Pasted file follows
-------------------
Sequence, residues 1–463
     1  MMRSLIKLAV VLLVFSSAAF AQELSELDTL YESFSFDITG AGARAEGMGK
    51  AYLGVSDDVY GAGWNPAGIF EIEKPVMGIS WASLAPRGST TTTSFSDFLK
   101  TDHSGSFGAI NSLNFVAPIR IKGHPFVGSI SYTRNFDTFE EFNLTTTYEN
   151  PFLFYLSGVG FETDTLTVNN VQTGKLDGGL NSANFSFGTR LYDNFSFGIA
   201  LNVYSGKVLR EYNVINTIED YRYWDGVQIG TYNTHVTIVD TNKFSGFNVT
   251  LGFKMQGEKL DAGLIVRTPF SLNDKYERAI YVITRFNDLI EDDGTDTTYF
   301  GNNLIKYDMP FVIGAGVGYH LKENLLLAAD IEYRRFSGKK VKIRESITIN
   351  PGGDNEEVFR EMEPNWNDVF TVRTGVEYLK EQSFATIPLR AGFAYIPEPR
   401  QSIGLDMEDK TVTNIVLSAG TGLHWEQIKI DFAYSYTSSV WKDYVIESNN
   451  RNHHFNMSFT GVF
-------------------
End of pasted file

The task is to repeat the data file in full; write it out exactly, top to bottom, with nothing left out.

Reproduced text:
Sequence, residues 1–463
     1  MMRSLIKLAV VLLVFSSAAF AQELSELDTL YESFSFDITG AGARAEGMGK
    51  AYLGVSDDVY GAGWNPAGIF EIEKPVMGIS WASLAPRGST TTTSFSDFLK
   101  TDHSGSFGAI NSLNFVAPIR IKGHPFVGSI SYTRNFDTFE EFNLTTTYEN
   151  PFLFYLSGVG FETDTLTVNN VQTGKLDGGL NSANFSFGTR LYDNFSFGIA
   201  LNVYSGKVLR EYNVINTIED YRYWDGVQIG TYNTHVTIVD TNKFSGFNVT
   251  LGFKMQGEKL DAGLIVRTPF SLNDKYERAI YVITRFNDLI EDDGTDTTYF
   301  GNNLIKYDMP FVIGAGVGYH LKENLLLAAD IEYRRFSGKK VKIRESITIN
   351  PGGDNEEVFR EMEPNWNDVF TVRTGVEYLK EQSFATIPLR AGFAYIPEPR
   401  QSIGLDMEDK TVTNIVLSAG TGLHWEQIKI DFAYSYTSSV WKDYVIESNN
   451  RNHHFNMSFT GVF